The human rights debate should be situated within different value systems, because when profound changes in mentality become necessary it is not enough to cling to those strategies that offer information alone.  The challenge of promoting human rights must take into account what each group of people is, including its historical background and cultural traditions.  Only such an historical encounter enhances the real possibility of protecting human rights.  Such initiative must be accompanied by a search for new ways of reconciling particular moralities with common morality.  Claims of universality and cultural difference can be constructive only insofar as they are not consumed by tendencies of imposition and exclusion.


The movement of globalization, which is dominated by multinational companies and financial institutions, shows no interest in establishing systems of moral responsibility that can guarantee the global common good.  The free market and multinational companies by themselves cannot guarantee the rights of the poor because their dynamics are focused on how to maximize profit.  For them, rights to subsistence are unjustifiable, and the economic needs of the poor are nobody’s business.  In this situation we need approaches that can promote a culture that engages public conscience and commitment from all institutions of moral formation and concrete engagement.  A commitment of this magnitude requires multiple approaches to be undertaken simultaneously.31

Civil-political rights, from the perspective of the poor, will only be meaningful insofar as one enjoys socioeconomic rights.  The poor, as bearers of the experience of suffering, are the ones who can judge whether we have achieved an inclusive understanding of human rights and the common good.  The situation of the poor reflects the community’s failure to uphold the value of mutual care.  Indeed, the extent of the suffering of the poor shows how far we are from being a community of persons who care for one another.  The plight of the poor is the standard measure of how ideals of human rights have been implemented.  We cannot talk about common good without taking into account the condition of the poor.32  Since this is the case, then responsibility toward the poor is no longer an option, but an obligation.  The poor are not the object of charity but persons to be freed from the oppressive forces generated by social structures.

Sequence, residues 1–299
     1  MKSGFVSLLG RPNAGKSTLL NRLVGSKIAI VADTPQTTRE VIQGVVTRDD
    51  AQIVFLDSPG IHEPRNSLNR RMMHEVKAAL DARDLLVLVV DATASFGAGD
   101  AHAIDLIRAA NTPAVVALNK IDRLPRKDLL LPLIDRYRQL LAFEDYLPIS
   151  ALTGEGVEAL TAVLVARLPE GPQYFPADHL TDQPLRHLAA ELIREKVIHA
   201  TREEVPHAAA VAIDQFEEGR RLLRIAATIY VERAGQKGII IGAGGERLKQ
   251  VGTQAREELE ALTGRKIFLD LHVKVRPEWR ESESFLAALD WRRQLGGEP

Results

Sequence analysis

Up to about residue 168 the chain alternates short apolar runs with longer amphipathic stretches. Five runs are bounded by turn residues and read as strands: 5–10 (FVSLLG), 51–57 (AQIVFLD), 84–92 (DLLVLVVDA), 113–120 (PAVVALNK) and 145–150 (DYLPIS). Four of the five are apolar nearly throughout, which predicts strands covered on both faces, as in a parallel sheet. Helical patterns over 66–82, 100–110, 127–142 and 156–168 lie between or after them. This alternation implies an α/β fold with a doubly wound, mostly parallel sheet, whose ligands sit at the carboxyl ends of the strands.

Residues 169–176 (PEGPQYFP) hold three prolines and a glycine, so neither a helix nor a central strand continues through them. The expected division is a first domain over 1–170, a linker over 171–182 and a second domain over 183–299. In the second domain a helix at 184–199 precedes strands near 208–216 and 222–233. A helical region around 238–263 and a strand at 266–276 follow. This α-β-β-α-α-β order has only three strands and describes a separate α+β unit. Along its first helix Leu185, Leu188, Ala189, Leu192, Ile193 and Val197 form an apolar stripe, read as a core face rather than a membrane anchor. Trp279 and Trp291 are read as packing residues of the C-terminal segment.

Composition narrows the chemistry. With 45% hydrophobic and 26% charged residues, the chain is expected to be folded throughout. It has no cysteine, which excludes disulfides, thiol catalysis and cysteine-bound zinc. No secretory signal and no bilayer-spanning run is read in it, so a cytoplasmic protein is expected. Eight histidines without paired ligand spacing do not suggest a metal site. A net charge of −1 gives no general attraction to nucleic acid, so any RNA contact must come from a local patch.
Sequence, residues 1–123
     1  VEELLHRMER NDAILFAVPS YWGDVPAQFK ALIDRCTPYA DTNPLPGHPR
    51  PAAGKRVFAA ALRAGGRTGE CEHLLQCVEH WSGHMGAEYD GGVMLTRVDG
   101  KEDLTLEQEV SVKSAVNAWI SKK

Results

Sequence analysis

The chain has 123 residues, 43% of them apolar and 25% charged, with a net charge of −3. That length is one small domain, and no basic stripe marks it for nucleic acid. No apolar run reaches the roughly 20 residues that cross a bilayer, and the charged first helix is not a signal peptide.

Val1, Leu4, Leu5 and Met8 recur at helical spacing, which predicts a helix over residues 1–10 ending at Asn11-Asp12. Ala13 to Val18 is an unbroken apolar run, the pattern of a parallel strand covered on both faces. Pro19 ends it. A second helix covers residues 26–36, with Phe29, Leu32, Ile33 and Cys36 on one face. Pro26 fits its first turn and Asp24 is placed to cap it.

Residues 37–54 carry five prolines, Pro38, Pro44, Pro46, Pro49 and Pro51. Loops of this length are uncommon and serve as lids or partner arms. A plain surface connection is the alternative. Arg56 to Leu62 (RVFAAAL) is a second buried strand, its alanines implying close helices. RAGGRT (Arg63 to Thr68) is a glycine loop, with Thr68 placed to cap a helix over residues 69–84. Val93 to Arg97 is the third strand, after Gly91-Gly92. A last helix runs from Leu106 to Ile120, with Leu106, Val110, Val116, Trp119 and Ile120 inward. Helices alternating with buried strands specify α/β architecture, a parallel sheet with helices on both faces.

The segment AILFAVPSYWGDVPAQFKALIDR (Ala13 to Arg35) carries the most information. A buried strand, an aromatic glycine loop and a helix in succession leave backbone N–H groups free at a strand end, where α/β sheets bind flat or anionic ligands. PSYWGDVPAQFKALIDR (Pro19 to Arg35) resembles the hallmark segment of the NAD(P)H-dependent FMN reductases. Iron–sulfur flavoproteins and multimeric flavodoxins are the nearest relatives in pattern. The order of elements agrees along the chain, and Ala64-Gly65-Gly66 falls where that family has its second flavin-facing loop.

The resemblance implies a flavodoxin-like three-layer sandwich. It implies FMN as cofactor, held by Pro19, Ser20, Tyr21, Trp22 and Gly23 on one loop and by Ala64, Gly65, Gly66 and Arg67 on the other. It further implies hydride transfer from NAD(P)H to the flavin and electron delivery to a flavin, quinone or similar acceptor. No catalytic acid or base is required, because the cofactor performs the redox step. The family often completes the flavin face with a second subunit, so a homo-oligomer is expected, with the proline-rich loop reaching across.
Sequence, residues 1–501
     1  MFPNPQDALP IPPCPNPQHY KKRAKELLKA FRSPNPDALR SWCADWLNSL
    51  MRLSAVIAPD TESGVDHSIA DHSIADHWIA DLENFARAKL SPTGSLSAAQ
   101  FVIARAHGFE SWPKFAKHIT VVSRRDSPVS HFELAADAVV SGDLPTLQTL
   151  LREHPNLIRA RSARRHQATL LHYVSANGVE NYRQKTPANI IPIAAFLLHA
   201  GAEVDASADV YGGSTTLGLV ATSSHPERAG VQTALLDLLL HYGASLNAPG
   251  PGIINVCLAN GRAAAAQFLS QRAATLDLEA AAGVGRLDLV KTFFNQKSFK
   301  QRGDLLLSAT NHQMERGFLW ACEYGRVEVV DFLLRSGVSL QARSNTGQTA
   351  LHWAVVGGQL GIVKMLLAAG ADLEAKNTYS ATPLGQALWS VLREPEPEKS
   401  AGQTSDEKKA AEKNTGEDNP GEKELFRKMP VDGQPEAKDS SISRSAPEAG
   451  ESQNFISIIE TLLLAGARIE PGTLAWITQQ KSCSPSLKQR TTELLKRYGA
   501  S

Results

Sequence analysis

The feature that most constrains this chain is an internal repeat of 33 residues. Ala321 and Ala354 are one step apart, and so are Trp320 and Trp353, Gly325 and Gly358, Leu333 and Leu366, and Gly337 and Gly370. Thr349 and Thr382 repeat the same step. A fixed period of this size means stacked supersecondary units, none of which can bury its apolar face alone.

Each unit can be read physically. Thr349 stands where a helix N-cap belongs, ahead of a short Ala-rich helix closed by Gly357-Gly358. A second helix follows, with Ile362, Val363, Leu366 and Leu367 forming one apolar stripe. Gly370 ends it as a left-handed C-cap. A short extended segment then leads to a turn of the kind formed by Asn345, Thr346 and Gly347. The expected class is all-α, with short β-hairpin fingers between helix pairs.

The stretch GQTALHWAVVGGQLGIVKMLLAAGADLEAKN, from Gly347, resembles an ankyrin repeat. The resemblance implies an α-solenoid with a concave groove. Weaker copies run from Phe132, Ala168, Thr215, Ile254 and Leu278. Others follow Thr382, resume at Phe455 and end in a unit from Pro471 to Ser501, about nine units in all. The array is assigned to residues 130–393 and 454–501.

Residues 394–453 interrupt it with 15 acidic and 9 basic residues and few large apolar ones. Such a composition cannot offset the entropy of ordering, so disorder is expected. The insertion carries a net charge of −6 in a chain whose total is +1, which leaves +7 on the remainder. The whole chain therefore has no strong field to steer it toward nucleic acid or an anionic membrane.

The international human rights debate is apparently declining because the plight of the poor is not adequately addressed by the theories of academia and international politics.  The paper demonstrated how the competing approaches among scholars and political organizations have confined the human rights debate within the parameters of speculative disputes and conflicting ideals.  Unless the human rights debate recognizes the basic needs of the poor it will become irrelevant as well as lose its opportunity to promote just societies, and thereby will be left to survive under the whims of power brokers and the global market.

Another challenge we have to address is the attitude of the people from industrialized countries, who tend to feel that whenever the well-being of the poor is raised they are somehow blamed as well as pressurized to give their wealth to the people who do not deserve it.   Some of them, unconsciously, tend to act in an uncomfortable manner, by unleashing unfriendly arguments of self-defense, without knowing that the plight of the poor brings into play the issue of civic responsibility.  Human rights debate necessarily calls us into the sense of shared responsibility and the common good.




1.   Critics claim that the Universal Declaration of Human Rights cannot be universal because its philosophical framework emerges from a single worldview.  That is to say, the content of what is referred to as universal human rights varies from one culture to another.  Even if cultures and nations agree that human rights must be respected, there would be considerable variation about how to honor these ideals.  For further elaboration, see Warren Lee Holleman, The Human Rights Movement: Western Values and Theological Perspectives (New York: Praeger Publishers, 1987); Makau Mutua, Human Rights: A Political and Cultural Critique (Philadelphia: University of Pennsylvania Press, 2002); and Aquiline Tarimo, Human Rights and Cultural Differences (Morogoro:  Salvatorianum, 2004).      

2.   For a study that elaborates the aforementioned characteristic, see Rhoda E. Howard, Human Rights in Commonwealth Africa (Totowa, NJ:  Rowman and Littlefield Publishers, 1986).